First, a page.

A Project to Reform Novial


Introduction

The international auxiliary language Novial was published by Prof. Otto Jespersen of Copenhagen in the spring of 1928, in his book An International Language. Jespersen consciously based the language for the most part on the earlier system Ido, formulated by the Delegation for the adoption of an international auxiliary language (Paris, 1907) of which he had been a member. He was also influenced by the language Occidental by Edgar de Wahl (1922), which is more naturalistic than Ido in the sense that it strives for much closer conformity with the linguistic material common to the West European languages, particularly those of the Romance group, for which it sacrifices a certain amount of simplicity, autonomy, and economy in word material.

After studying the problem of a planned international language for some time, I have come to the following general conclusions as to the form such a language should ideally take:

(1) In order that the language be successful in the long term, the form of the language needs to attain the highest possible level of stability. For this reason it is necessary that the basic structure of the language and the basic principles governing its construction be as safe from criticism as is possible, that is, that they be as definitive as possible.

(2) It is clear that it is possible to construct a language at any point on the spectrum having at one end a high level of schematicity/autonomy, and at the other a high level of naturalness, i.e. conformity with ethnic languages. While it is not clear whether any one point on that spectrum is definitive for the construction of international languages, it is clear that the more successful languages will be those which achieve a good and generally acceptable balance between the two extremes of schematicity and naturalness.

(3) In order that it be accessible to a wide audience, that it be as comprehensible as possible at first sight, and finally that it does not conflict too harshly with the speech habits primarily of the speakers of its source languages, it is desirable that the language should not diverge in any point from what is in actual use in its source languages, more than is necessary to secure those simplifications which it is natural and desirable to make in a planned language.

(4) In order to achieve the greatest possible facility for the greatest number of those at whom the language is in the first instance aimed, there needs to be a trade-off between those who have at any stage already started learning the language in detail, and those who come across it for the first time. The language should not be made unnecessarily or unmanageably difficult for either group at the expense of the other. It is therefore essential and a necessary condition of the construction of the language that no artificial element be introduced which cannot be completely justified as a simplification of the system as a whole. On the other hand, it is desirable that every simplification be introduced which has already been made in one or more of the source languages, or which is in general agreement with the structure and nature of those languages.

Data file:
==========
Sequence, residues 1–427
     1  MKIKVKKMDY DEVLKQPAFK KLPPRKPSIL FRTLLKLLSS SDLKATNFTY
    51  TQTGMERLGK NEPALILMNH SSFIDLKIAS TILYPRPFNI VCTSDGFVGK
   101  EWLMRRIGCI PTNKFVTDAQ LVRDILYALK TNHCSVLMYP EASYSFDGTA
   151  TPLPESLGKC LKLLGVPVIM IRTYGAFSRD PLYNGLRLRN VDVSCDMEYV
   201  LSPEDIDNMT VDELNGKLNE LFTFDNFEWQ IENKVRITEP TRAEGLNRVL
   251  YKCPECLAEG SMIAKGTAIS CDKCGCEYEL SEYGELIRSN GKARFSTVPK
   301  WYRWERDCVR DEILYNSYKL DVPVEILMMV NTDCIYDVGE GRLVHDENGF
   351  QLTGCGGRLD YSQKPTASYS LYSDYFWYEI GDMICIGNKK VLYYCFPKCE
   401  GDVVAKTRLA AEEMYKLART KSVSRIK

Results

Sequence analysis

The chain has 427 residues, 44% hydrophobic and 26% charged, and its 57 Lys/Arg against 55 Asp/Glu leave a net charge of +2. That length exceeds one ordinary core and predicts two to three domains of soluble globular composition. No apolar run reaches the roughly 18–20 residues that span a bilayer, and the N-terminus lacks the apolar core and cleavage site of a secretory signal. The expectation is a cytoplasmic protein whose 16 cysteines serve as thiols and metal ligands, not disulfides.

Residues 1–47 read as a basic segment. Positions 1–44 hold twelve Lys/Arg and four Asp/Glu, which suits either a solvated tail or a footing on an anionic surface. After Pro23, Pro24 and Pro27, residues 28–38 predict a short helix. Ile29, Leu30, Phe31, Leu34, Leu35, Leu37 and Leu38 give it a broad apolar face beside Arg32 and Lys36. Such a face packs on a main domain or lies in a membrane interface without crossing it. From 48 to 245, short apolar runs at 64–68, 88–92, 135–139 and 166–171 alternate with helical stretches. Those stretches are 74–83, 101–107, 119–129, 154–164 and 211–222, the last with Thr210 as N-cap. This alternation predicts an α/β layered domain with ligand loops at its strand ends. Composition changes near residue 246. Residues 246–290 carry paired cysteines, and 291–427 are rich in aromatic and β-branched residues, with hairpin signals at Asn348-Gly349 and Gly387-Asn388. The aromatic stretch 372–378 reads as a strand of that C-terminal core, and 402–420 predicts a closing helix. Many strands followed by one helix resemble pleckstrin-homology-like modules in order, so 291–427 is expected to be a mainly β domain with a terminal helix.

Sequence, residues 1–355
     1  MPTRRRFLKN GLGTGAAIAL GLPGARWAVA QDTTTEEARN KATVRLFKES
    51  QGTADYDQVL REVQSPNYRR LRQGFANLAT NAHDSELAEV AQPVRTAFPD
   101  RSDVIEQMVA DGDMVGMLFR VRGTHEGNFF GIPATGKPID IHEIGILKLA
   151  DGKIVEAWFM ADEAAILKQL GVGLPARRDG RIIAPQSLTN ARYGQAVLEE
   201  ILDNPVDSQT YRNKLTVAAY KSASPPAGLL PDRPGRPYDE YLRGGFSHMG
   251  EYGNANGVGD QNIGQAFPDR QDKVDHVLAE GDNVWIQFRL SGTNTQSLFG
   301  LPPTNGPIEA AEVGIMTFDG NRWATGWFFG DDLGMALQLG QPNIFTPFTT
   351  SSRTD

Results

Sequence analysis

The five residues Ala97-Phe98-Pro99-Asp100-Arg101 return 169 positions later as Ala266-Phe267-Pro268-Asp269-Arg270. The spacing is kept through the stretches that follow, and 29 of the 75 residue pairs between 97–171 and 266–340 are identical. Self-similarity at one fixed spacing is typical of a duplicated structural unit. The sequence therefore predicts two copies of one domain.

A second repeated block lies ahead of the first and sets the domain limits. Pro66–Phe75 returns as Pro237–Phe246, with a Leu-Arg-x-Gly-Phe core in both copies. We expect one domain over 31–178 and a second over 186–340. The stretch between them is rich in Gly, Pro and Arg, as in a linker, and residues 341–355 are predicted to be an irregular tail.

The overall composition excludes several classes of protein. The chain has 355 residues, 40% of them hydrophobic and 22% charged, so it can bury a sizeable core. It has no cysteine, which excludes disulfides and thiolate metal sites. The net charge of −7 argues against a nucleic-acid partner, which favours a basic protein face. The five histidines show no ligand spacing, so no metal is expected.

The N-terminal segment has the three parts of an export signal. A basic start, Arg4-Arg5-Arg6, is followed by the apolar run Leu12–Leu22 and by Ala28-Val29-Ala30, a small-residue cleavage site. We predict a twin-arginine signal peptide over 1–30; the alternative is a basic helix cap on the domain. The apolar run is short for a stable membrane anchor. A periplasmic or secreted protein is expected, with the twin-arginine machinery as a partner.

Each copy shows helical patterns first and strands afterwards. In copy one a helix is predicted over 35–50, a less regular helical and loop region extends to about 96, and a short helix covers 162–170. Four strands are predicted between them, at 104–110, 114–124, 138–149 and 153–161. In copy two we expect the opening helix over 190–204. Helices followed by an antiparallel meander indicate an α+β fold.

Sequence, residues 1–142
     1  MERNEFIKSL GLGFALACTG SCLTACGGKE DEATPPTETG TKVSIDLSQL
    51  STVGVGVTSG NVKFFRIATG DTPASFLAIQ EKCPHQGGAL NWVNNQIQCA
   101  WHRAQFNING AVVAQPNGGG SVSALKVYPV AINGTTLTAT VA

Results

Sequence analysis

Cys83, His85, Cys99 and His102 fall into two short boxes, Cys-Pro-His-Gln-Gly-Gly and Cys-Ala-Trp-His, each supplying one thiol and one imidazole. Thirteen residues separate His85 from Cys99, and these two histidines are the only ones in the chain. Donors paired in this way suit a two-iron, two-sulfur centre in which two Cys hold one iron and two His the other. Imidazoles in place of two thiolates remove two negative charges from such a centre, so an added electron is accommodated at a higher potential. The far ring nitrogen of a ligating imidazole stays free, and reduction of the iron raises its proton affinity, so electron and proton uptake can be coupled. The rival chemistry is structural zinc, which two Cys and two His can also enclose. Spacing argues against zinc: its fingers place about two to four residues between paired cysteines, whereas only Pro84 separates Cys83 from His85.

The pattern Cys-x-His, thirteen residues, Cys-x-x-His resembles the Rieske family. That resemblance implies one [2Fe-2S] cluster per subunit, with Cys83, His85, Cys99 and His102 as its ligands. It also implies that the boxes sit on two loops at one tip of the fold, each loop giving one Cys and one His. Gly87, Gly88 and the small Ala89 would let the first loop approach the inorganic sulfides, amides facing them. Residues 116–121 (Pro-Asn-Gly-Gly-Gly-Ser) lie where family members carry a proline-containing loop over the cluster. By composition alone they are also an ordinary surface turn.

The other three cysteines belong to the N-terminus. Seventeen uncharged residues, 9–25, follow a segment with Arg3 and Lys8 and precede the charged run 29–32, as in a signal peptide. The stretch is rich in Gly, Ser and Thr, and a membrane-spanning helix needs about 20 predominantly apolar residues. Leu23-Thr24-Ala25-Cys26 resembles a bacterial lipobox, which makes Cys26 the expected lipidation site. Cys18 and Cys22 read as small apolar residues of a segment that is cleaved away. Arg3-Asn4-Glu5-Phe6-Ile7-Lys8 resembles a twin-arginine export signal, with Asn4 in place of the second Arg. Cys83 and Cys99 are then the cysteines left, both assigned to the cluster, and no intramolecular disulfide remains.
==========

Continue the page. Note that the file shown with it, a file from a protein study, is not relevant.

In view of the above considerations, I have come to the conclusion that Novial is the best basis for the development of the eventual definitive form of IL. That is, it provides the most solid and unshakeable foundation of any system of planned language so far proposed. It is my conviction that the best way to proceed is to restart discussion of the original form of Novial, the structure of which was presented in An International Language (1928), the vocabulary in the Novial Lexike (1930). I am therefore taking this as the starting point for the project.

Novial has not enjoyed an active movement since 1939. It would be possible to relaunch the language as it stood in 1928/30, or perhaps as in 1934 or 1939. But in order to give a modern movement for the language its own authenticity and confidence, it is desirable to go over the language one more time, in order to be completely satisfied that there is nothing that can obviously be done better than in the original version.

As my own investigation of Novial continues, the results will be made available at this site. Any constructive criticism on any point examined will of course be welcome at any time. The results will be presented in the following pages:

The reader is asked to refer particularly to the original exposition in An International Language for further information, until such time as autonomous grammatical and lexical material can be produced for the current project.

Sincerely,
James Chandler
Exeter, 4th February 1998


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